Second Test

West Indies v New Zealand

At St George's, Grenada, June 28, 29, 30, July 1, 2. Drawn. Toss: West Indies. Test debut: S. B. Styris.

New Zealand were made to fight for the draw that guaranteed them victory in this brief series. Their hero was Styris, who marked his Test debut with a hundred - batting at No. 8 - to lead them out of trouble on the second day, and an unbeaten 69 on the last which, along with Hart and rain, staved off a late West Indian bid for victory.

Hooper won his sixth toss in the home season's seven Tests and, for the fifth time, chose to bowl; for the fourth time, the opposition responded by totalling over 300. The foundations were laid in a 123-run partnership between Richardson and Astle. Then Collins, taking the new ball, removed Richardson, on 95, when his top-edged hook was athletically caught by Gayle at long leg. Collins added the night-watchman in the closing over of the day and Astle with his first ball next morning. That left New Zealand an uncertain 208 for six, the cue for Styris's entrance. When he was last out to a wild shot 165 runs later, he had made 107 from 178 balls - the seventh New Zealander to score a Test century on debut. Hart and Bond provided stout support.

The West Indian response was based on Gayle's belligerent double-hundred. It featured strokes of breathtaking power, including huge sixes off Butler and Bond, and four consecutive fours, of 29 all told, in Butler's first over with the second new ball. Gayle reached his second Test century in 212 balls, ran up the next 100 in 115, and faced 332 in all, in eight hours. But he had some luck: an escape at 93 when umpire Venkat ruled not out on an edge off Butler, and missed chances off Bond at 136 and 199. He shared stands of 100 with Sarwan and 143 with Chanderpaul before he finally fell to Bond, who added Chanderpaul with his second delivery next morning. Bond finished with five victims for the second time in a week, but the tail had carried the lead to 97.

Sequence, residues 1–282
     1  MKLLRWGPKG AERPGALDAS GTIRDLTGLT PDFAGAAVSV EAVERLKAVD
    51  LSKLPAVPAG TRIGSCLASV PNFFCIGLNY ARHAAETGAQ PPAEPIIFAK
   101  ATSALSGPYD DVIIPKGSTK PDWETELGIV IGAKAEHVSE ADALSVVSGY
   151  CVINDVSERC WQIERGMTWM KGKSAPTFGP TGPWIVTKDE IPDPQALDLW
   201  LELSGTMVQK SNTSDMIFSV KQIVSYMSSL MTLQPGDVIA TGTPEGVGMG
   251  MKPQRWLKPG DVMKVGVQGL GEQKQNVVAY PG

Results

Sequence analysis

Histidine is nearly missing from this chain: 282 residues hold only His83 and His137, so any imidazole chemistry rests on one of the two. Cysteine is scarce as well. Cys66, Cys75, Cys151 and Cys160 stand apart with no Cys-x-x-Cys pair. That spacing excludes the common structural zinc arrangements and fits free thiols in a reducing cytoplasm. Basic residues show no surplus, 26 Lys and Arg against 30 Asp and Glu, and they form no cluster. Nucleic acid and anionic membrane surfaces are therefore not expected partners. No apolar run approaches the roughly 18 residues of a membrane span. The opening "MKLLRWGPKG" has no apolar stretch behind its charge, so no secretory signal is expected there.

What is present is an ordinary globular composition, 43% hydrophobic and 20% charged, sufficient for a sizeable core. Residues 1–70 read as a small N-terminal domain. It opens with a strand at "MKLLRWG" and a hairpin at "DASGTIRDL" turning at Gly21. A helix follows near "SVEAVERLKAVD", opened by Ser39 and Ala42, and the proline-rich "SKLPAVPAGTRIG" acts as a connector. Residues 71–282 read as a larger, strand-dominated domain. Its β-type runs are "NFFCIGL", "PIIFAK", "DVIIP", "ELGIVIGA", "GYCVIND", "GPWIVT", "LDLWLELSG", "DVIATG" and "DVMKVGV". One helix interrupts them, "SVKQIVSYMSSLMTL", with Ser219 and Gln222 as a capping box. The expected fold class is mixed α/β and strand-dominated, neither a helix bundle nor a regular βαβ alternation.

Richardson and Vincent, who was missed twice in the slips off Collins on two, erased the deficit. Then the spinners threatened to turn the game. In a couple of hours either side of the fourth-day close, they claimed five wickets for 40 on a wearing but slow pitch to give West Indies a scent of victory. New Zealand were only 60 ahead with half the side out, and McMillan was being held in reserve after a hand injury in the field required three stitches. He was not needed. Styris and Hart calmed nerves in a stand of 99 interrupted only by rain sweeping across the ground from the eastern hills. It permitted only 23 overs after lunch, and the match was safe.

Crowds at the Queen's Park Stadium, Test cricket's 84th and newest venue, gradually grew over the five days to three-quarters of its 14,000 capacity. But Hooper was moved to quip that he suspected the lifeless pitch had been transplanted from the cemetery overlooking the ground, which made it all the stranger that he had seemed so reluctant to bat on it.

Man of the Match: C. H. Gayle.
Man of the Series: S. E. Bond.
Close of play: First day, New Zealand 208-5 (Astle 69, McMillan 1); Second day, West Indies 63-1 (Gayle 23, Sarwan 22); Third day, West Indies 394-5 (Chanderpaul 51, Jacobs 2); Fourth day, New Zealand 139-2 (Richardson 69, Harris 6).

© John Wisden & Co